4. D8VANILLA: Decades ago “Dear Cecil” wrote in The Weekly (long-gone Santa Barbara free paper) that in the time it takes one to spot a penny and pick it up, that thrifty soul is making about $7.50 per hour. My math is terrible, but last time I found any money it was a dollar bill, so should I plan on retiring soon?

  5. FACTOTUM: It is a fact that ingesting pesticides is unhealthy for humans. If you don’t know the difference between healthy (organically grown) and unhealthy foods, you’d best begin your internet research on organic vs. non-organic today.

  6. The biggest expense is going out and doing what everyone else is doing. Learn to cook and make healthy meals in large batches you can freeze for later use. What it costs to eat out for one meal can be made into 5 meals at home. Better yet invite some friends over, enjoy good conversations, play games and probably have a better time too. Then when they invite you in return it’s just money in the bank. Join a book club instead of going to the movies. Take up activities that don’t cost you anything like hiking and gardening. It’s easy to save money so long as you don’t follow the herd and do what everyone else is doing.

  7. We saved the most money by leaving Santa Barbara – housing costs went from an $1800 a month rental to a $1400 a month mortgage. Utilities dropped by a third. Cut our dining expenses by 75% by learning how to cook the food we missed eating and now we can cook up a better meal than half the restaurants we used to eat at before.

  8. 30 years ago, most of the stores were not even there. They come and go as the markets and the appeal of downtown shopping shifts and changes. The city has put a great deal of subsidized housing down town, which means downtown residents often don’t have discretionary cash to support State Street stores and shops anyway. Granada Parking Garage gave away desirable downtown units across from the Art Museum and Library to ultra-low income residents. They won’t be supporting downtown shops either.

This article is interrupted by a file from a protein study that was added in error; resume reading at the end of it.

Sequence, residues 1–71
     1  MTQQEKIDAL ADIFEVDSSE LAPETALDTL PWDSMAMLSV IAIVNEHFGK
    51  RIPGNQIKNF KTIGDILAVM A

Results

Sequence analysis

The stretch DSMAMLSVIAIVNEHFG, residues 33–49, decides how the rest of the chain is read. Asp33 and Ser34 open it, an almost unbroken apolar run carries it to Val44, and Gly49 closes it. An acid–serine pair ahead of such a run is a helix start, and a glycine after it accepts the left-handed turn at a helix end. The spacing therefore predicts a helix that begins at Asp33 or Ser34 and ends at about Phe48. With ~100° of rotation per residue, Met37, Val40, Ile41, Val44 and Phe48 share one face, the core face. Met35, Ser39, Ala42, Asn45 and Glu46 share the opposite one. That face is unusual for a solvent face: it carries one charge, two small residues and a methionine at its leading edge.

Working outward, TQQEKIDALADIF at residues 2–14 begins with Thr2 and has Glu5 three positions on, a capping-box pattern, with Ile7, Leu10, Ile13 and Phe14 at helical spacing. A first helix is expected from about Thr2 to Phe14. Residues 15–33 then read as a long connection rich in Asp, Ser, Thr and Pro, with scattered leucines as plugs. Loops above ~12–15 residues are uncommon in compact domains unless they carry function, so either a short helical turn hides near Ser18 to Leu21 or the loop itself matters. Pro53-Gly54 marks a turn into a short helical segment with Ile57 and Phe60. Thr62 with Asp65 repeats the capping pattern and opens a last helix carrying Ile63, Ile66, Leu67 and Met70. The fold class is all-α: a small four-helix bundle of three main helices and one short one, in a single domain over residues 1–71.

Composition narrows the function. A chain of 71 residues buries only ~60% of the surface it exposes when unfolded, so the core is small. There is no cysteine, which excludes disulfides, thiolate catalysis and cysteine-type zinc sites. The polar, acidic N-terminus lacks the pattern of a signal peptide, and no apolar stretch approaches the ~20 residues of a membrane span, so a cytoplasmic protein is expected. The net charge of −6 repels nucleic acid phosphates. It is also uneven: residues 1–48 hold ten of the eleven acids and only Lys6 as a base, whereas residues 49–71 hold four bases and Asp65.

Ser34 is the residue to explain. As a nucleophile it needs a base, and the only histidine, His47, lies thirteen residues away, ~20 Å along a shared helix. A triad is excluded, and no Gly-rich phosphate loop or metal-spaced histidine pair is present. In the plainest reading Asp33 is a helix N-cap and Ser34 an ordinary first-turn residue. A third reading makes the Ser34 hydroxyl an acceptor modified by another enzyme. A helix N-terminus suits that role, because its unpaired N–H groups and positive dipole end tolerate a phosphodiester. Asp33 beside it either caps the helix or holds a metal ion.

9. Thank a rich person, because they continue to support activities that you can also find ways to enjoy – volunteer to usher for concerts and plays that they sponsor. Enjoy early bird specials at local restaurants, before their prices go up later for the carriage trade. They pay the bulk of the property taxes that support your city services. Say thank you to both the wealthy who can afford to live here and the generous local philanthropists, rather than resenting them for what their own lives have achieved, including being merely a trust funder. The wealthy in this town do invest their own resources making it special, which is why so many want to hang on here whether they can afford to live here or not. Stop kicking them in the teeth. You may never reach their same financial level, but once you figure how to make it work for yourself you do get to enjoy much of what wealthy Santa Barbarans have long provided – an enriched environment where everyone still shares the same sunshine and participates the same rain. The wealthy, who so many on this forum claim to hate, make Santa Barbara a better place to live than Oxnard. You can get the same weather in Oxnard; but it does not have the X-factor that decades of wealthy philanthropy and aesthetics has bestowed on this particular town.